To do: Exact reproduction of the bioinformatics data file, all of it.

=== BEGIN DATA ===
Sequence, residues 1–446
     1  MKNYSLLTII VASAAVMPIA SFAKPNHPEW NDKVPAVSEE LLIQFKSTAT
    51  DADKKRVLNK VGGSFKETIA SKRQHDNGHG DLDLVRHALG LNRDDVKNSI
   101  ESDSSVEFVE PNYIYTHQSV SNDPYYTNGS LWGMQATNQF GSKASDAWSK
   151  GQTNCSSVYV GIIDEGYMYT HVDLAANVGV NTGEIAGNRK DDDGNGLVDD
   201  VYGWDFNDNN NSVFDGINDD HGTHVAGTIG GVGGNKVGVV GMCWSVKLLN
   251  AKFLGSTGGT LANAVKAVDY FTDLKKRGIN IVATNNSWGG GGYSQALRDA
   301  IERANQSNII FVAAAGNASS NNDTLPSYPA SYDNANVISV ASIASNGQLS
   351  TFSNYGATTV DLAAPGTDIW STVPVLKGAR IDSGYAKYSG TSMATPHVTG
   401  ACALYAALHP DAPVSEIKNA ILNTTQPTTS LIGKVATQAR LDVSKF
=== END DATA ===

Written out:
Sequence, residues 1–446
     1  MKNYSLLTII VASAAVMPIA SFAKPNHPEW NDKVPAVSEE LLIQFKSTAT
    51  DADKKRVLNK VGGSFKETIA SKRQHDNGHG DLDLVRHALG LNRDDVKNSI
   101  ESDSSVEFVE PNYIYTHQSV SNDPYYTNGS LWGMQATNQF GSKASDAWSK
   151  GQTNCSSVYV GIIDEGYMYT HVDLAANVGV NTGEIAGNRK DDDGNGLVDD
   201  VYGWDFNDNN NSVFDGINDD HGTHVAGTIG GVGGNKVGVV GMCWSVKLLN
   251  AKFLGSTGGT LANAVKAVDY FTDLKKRGIN IVATNNSWGG GGYSQALRDA
   301  IERANQSNII FVAAAGNASS NNDTLPSYPA SYDNANVISV ASIASNGQLS
   351  TFSNYGATTV DLAAPGTDIW STVPVLKGAR IDSGYAKYSG TSMATPHVTG
   401  ACALYAALHP DAPVSEIKNA ILNTTQPTTS LIGKVATQAR LDVSKF